The flood of illegal immigrants crashing the southwest border plunged 23.7 percent in the fiscal year that ended in September, the lowest number in five years, officials said Tuesday.
Experts closely track the number of illegal immigrants caught near the boundary and at entry points along the border for signs of how many foreigners are trying to get into the country. They estimate that for every person apprehended, one slips through into the U.S. interior.
Cracking down on illegal immigration may have been President Donald Trump’s most high-profile promise during the 2016 campaign, and his administration took immediate steps toward fulfilling it. Trump signed a pair of sweeping executive orders, reversing restrictions imposed by his predecessor on both the U.S. Border Patrol and Immigration and Customs Enforcement (ICE) officers.
Perhaps more important, according to immigration experts, the president’s tough rhetoric sent a message to would-be migrants in Mexico and Central America that entering the U.S. without authorization would no longer be tolerated. And they responded. After posting a five-year high in border apprehensions in January — Barack Obama’s last month as president — border crossings dropped off a cliff.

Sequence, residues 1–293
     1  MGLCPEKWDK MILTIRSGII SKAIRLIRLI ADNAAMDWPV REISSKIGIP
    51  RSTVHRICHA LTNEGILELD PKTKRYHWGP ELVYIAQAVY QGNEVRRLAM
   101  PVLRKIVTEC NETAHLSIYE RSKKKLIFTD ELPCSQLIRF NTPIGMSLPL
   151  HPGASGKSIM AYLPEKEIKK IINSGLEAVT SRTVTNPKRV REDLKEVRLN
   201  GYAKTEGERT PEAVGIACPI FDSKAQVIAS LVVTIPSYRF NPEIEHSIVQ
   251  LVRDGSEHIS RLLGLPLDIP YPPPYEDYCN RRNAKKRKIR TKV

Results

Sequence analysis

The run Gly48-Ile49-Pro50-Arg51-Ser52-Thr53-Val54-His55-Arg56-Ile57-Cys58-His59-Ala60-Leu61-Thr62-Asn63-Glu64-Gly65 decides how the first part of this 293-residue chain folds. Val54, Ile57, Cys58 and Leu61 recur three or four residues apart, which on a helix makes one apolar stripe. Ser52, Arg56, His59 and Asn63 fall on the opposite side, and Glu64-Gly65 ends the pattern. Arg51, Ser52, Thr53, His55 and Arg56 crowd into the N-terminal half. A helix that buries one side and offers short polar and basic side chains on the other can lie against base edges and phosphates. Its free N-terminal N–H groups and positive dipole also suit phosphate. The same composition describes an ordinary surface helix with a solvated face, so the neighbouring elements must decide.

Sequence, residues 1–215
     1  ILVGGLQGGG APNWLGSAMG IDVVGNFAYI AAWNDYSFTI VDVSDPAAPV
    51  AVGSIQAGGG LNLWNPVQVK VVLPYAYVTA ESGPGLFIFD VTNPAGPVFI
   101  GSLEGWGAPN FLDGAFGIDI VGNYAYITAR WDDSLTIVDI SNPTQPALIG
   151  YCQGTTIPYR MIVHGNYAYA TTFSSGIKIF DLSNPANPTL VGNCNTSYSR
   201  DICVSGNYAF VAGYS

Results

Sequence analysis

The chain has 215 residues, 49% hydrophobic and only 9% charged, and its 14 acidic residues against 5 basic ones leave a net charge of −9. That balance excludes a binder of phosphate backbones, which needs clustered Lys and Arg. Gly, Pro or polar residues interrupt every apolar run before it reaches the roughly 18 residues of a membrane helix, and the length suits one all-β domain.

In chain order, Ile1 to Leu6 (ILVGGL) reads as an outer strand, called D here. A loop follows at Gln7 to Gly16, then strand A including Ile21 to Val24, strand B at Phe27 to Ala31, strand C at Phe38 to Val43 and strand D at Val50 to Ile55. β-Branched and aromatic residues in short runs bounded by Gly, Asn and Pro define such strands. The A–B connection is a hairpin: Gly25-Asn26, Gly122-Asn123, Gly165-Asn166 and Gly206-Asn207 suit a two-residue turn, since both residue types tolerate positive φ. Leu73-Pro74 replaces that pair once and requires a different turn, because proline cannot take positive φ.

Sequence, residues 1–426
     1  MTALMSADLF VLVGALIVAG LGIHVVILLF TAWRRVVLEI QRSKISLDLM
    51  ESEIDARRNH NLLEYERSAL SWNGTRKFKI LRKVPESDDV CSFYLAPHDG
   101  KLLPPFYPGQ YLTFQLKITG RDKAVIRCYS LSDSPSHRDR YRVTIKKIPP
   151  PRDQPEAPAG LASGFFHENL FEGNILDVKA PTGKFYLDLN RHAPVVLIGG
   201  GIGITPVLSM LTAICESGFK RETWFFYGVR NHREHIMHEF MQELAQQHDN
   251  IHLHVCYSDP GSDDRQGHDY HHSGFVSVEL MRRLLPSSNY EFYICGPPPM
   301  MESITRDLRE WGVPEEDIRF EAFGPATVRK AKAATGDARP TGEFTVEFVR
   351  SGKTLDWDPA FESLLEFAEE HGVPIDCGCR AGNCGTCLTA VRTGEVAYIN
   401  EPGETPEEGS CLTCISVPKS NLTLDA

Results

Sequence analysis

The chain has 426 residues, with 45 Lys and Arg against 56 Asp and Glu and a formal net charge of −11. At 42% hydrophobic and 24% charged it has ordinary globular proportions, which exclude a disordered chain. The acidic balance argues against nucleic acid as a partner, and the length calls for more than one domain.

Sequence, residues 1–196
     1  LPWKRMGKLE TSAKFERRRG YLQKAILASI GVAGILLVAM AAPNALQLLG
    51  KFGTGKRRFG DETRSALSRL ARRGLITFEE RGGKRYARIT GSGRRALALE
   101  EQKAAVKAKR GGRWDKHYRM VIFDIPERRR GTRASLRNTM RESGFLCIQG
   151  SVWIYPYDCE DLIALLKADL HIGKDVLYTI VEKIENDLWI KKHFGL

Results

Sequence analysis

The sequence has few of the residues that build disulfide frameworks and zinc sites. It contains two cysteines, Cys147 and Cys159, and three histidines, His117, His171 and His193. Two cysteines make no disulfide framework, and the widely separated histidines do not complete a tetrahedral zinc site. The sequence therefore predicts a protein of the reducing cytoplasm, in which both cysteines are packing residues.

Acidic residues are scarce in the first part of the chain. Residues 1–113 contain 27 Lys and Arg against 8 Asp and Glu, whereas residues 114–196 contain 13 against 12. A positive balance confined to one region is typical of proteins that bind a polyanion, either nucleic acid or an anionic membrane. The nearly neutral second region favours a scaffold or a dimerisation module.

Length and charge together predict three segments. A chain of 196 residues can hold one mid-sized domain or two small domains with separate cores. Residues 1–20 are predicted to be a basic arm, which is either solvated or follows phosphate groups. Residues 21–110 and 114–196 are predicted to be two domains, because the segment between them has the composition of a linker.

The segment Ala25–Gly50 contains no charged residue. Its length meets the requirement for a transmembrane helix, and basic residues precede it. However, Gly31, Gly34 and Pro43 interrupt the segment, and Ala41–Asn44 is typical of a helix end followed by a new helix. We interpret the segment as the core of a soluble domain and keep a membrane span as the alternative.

Apprehensions fell to 15,771 in April, the lowest number since the creation of the U.S. Customs and Border Protection agency in 2003.
After that, however, the numbers began creeping up and rose every month through September. Immigration hawks have attributed that partially to the uptick in activity that typically occurs during the summer months. But they agree part of it is the result of a failure by Congress to back Trump’s rhetoric with new tools to prevent illegal immigration — more Border Patrol and ICE agents, more detention space to hold them, and the wall that the president has repeatedly promised to build.
[lz_table title=”Illegal Border Crossings Plummet” source=”Department of Homeland Security”]Apprehensions along southwest border
“We remain concerned about the steady increase in the flow of unaccompanied children and family units from Central America,” Customs and Border Protection acting Deputy Commissioner Ron Vitello told reporters at a news conference. “This trend is enabled by legal and policy loopholes, which are exploited by transnational criminal organizations engaged in human smuggling and trafficking.”
Vitello said that despite a decrease in border crossings, assaults on border officers jumped 44 percent in fiscal year 2017, to 847. He added that agents also seized 2,300 guns, 305,000 rounds of ammunition, and 2.14 million pounds of drugs.
Smuggling of fentanyl has particularly increased. Vitello said agents seized 1,500 pounds of the highly potent drug in the last fiscal year, up from just 2 pounds in fiscal year 2013.
Vitello said his agency needs the 5,000 additional officers Trump has called for. He also said the agency has test-piloted remote-controlled drones in the Tucson, Arizona, sector for use in dangerous or hard-to-reach areas of the border. He said he hopes that and other measures will supplement the border wall the president wants to build.
“We know, however, that the wall is part of a larger enforcement security system strategy, so we are committed to using new technologies to augment our resources,” he said.